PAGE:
- Does a good job in soundproofing
- It’s cheap
- Great in absorbing with impact noise
But unlike soundproofed curtains or blankets, these fiberglass blankets look ugly. So if you need something that will improve aesthetic appeal, I would suggest you try the methods mentioned above.
How to Soundproof Pocket Sliding Doors
Pocket sliding doors are not as hard to sound insulate them as doors mentioned above, but still, they have their limitations when it comes to soundproofing.
Whatever material you add to thicken the door, it’s important to remember that it should slide along with the door and fit in the pocket. But since we’ve already solved this problem with the other sliding door models, soundproofing a pocket sliding door will be an easy job for you.
The only real challenge with pocket sliding doors comes in when sealing the gaps and cracks. You can use this rubber weatherstripping tape (High-Density Foam Seal Strip) to close the gaps at the edge of the panel.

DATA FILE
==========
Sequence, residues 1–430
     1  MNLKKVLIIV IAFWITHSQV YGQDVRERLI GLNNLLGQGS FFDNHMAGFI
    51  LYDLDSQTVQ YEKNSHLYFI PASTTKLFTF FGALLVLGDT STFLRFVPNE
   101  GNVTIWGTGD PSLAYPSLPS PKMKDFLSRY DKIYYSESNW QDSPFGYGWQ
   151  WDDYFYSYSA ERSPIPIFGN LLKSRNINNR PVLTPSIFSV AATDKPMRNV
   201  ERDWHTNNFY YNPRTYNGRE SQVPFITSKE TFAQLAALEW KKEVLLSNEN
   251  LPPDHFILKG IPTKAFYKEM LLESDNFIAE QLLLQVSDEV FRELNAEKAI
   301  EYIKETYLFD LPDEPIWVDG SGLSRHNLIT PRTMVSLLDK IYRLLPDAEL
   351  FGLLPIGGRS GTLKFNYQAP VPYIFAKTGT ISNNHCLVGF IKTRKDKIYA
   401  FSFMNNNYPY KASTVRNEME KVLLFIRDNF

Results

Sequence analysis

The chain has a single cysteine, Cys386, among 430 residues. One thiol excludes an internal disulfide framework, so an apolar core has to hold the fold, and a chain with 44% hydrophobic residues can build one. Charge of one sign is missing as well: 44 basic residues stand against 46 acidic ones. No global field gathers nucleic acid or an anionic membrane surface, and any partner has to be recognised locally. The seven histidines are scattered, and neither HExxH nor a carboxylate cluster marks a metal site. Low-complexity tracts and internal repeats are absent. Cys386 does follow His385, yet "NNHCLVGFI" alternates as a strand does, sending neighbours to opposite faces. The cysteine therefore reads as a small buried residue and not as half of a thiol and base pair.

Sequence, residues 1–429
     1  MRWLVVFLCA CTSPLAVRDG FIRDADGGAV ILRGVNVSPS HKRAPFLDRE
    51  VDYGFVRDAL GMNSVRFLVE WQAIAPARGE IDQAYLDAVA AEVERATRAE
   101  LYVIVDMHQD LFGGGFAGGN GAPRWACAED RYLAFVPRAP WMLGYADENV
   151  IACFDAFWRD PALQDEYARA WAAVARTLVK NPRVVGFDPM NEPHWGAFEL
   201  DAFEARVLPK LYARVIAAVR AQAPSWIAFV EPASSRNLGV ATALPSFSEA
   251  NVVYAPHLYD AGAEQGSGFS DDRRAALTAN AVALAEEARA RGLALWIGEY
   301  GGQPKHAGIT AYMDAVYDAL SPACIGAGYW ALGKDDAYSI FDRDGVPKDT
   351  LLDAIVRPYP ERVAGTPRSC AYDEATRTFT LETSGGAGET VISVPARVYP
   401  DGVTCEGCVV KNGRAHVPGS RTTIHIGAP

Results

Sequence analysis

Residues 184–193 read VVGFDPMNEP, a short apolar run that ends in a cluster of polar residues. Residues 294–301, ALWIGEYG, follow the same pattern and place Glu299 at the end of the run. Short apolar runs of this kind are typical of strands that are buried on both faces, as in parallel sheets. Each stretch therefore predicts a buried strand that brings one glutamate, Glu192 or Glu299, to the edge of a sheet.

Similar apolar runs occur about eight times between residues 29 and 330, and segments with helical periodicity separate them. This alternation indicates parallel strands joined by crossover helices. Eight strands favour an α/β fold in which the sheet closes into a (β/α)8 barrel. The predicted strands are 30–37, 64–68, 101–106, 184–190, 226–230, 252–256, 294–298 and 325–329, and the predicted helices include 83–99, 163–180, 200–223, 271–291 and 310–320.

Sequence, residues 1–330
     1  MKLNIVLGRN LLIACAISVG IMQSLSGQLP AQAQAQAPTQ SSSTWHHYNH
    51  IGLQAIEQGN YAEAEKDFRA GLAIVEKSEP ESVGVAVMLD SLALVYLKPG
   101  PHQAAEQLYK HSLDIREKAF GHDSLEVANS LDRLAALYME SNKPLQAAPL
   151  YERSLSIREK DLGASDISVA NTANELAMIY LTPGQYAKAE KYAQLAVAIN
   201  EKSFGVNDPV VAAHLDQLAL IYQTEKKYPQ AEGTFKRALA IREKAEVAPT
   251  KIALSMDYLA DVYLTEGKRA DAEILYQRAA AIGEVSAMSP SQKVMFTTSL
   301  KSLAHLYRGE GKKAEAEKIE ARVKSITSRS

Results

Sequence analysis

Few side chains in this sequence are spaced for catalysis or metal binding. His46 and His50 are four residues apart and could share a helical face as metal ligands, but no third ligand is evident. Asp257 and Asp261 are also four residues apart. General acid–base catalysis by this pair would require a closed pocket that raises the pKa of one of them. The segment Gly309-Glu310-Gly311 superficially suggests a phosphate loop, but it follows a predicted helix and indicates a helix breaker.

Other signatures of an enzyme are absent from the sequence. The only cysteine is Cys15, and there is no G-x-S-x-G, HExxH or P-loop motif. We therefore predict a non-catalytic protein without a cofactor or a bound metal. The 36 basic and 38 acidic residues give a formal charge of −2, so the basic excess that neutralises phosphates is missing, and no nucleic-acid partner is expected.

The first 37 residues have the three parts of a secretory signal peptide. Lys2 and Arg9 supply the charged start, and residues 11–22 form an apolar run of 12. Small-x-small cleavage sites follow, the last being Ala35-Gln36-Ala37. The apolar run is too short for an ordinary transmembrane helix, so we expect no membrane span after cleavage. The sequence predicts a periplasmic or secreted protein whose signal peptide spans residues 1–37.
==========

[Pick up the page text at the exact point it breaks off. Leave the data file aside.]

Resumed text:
Try laminated door for best results
For best results, you should consider replacing the existing door with soundproofed ones. For sliding glass doors, you can replace with laminated ones. Laminated doors are:
- Designed to block out noise
However, you will need to invest heavily on this option. You should also consider hiring a professional to get the job done right. Here in Texas, the cheapest laminated door costs about $500 less the installation fee.
On Soundproofing Sliding/Barn/Pocket Doors
Unlike soundproofing normal doors, soundproofing sliding doors can be tough and hard at times. But if you follow the above mentioned step, you’ll be able to reduce noise levels to manageable levels.
Sound dampening your sliding doors uses similar methods and is also as easy as dealing with the windows, or sound insulating the bathroom. If you’re looking to deal with noise nuisance to manageable levels, I’d recommend using simple and cheap methods mentioned above. The trick is to identify the source of noise problem and the method that will best deal with the problem,
What method do you think will work out the best? I have covered different methods you can sound dampen different doors and hope they will work out best for you. You can read this article on how to soundproof a window from traffic noise.